The story would make a good stimulus for a science topic 'Keeping Warm'. As Betty ventures through the snow with her sled full of clothes, she meets various animals and inquires if the clothes she has found belong to them. Each of the animals tells Betty that they don't and explains why. Betty then meets the Yeti, who does need clothes to keep him warm.
It is also a story about friendship. The other animals are frightened of the Yeti, despite him being small, because of his appearance. However, this changes when they see Betty walking along holding the Yeti's paw.
The story is told in rhyme and as such provides numerous examples of alternative spellings for long vowel phonemes. Children could collect the examples, sort and classify them in preparation for a spelling investigation.
The language used is also rich with noun phrases. As Betty collects the various items of clothing they aren't simply listed. They are described using noun phrases which enable the reader the visualize each item: 'a little red sled', 'a jingly jangly fluffy hat', 'a woolly scarf', 'one enormous smelly coat'. It would be interesting to read the story to the children without them being able to 'see' the illustrations and get them to draw what they imagine the items (and the Yeti) to look like before introducing them to Ella Burfoot's own illustrations. This could then lead onto children composing their own noun phrases for items they might include in a story of their own.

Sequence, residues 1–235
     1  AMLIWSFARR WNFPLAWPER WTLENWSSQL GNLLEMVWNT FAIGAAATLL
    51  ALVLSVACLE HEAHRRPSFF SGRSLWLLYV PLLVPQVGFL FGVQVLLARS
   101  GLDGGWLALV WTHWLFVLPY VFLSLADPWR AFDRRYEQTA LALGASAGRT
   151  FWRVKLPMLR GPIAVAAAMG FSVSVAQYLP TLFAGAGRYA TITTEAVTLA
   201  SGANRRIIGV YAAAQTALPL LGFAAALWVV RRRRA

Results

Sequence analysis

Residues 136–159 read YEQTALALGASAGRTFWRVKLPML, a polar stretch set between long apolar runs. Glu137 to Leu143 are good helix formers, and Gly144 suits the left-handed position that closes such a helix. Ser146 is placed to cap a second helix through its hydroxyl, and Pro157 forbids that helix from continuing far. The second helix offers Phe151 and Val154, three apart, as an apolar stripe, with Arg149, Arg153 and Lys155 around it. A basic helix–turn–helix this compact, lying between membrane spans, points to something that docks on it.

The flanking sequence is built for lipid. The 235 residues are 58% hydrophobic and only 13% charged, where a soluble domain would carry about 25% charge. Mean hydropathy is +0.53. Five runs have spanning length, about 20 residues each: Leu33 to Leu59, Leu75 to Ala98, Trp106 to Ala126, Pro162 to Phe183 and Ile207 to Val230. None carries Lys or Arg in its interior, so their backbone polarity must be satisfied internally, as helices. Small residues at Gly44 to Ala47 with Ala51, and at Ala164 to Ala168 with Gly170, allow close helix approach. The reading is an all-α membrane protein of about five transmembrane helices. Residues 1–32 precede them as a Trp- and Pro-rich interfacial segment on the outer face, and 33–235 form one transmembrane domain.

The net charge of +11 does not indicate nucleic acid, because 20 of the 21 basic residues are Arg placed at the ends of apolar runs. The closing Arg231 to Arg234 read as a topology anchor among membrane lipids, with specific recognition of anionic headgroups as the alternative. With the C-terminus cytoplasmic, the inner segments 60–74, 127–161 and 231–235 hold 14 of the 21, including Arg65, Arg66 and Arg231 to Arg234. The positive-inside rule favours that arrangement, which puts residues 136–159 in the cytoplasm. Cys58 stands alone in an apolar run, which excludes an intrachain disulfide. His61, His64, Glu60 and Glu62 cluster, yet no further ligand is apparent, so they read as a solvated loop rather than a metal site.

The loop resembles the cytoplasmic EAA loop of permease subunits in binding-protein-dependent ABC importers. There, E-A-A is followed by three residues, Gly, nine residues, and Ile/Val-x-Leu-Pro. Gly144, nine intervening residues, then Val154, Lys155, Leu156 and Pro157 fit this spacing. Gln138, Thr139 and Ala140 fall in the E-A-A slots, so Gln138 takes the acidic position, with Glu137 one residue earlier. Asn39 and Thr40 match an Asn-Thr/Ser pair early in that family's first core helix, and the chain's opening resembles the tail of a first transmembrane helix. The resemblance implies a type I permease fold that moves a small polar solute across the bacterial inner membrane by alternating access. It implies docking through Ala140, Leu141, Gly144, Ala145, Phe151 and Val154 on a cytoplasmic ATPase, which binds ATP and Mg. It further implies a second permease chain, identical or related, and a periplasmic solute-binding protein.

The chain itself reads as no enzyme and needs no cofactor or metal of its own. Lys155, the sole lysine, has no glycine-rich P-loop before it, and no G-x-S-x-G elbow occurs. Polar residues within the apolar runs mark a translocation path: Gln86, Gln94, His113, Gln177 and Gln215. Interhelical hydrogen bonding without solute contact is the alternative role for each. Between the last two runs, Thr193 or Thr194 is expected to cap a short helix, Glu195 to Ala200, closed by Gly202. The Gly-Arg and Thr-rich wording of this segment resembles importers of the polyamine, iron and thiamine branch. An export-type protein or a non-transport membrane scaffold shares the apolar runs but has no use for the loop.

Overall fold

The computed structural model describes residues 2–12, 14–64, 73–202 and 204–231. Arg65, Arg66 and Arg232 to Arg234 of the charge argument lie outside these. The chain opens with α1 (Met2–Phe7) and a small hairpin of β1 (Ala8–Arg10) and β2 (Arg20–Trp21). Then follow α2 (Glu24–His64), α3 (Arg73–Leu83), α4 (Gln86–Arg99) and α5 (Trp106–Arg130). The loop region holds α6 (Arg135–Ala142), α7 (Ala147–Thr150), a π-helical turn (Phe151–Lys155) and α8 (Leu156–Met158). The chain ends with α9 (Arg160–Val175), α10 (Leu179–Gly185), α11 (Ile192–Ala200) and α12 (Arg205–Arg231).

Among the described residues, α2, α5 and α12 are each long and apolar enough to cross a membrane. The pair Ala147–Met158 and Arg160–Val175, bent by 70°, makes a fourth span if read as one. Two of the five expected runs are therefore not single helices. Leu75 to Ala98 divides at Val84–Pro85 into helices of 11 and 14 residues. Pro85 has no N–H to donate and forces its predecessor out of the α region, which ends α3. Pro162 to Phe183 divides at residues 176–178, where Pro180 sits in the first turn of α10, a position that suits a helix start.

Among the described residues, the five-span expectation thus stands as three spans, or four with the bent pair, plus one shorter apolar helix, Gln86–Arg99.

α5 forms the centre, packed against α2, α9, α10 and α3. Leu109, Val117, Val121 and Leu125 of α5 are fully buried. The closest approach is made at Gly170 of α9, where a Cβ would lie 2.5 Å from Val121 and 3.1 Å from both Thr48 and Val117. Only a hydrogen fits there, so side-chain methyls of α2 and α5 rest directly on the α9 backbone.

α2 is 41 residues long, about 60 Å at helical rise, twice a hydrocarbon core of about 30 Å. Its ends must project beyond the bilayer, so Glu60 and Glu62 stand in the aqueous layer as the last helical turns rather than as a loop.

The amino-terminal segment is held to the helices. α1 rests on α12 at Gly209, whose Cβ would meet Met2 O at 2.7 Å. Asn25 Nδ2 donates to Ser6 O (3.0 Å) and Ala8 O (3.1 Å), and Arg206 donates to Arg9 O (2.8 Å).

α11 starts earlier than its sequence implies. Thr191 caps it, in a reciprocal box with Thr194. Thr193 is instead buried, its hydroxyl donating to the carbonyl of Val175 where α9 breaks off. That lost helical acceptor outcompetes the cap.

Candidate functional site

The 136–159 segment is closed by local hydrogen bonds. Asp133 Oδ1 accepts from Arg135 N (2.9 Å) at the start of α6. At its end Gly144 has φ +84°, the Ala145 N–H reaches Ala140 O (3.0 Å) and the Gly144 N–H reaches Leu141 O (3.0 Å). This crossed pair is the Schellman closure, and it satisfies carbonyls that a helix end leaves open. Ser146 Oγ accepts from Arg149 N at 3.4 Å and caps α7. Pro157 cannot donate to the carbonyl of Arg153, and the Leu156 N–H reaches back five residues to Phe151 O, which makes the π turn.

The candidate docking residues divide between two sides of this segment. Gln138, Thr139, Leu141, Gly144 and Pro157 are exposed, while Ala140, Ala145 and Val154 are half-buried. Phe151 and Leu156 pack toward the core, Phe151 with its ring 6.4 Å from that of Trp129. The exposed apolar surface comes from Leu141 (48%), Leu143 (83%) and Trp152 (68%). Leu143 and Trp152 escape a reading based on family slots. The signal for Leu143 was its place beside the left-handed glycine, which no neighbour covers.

The text is also a good model for investigating direct speech as in the short text there is a great deal of conversation between the various characters. This could be done through re-presenting the text as a comic strip or a play script.
Overall, a lovely humorous, little story which is a rich resource for the English curriculum and provides a stimulus for topic work in other curriculum subjects.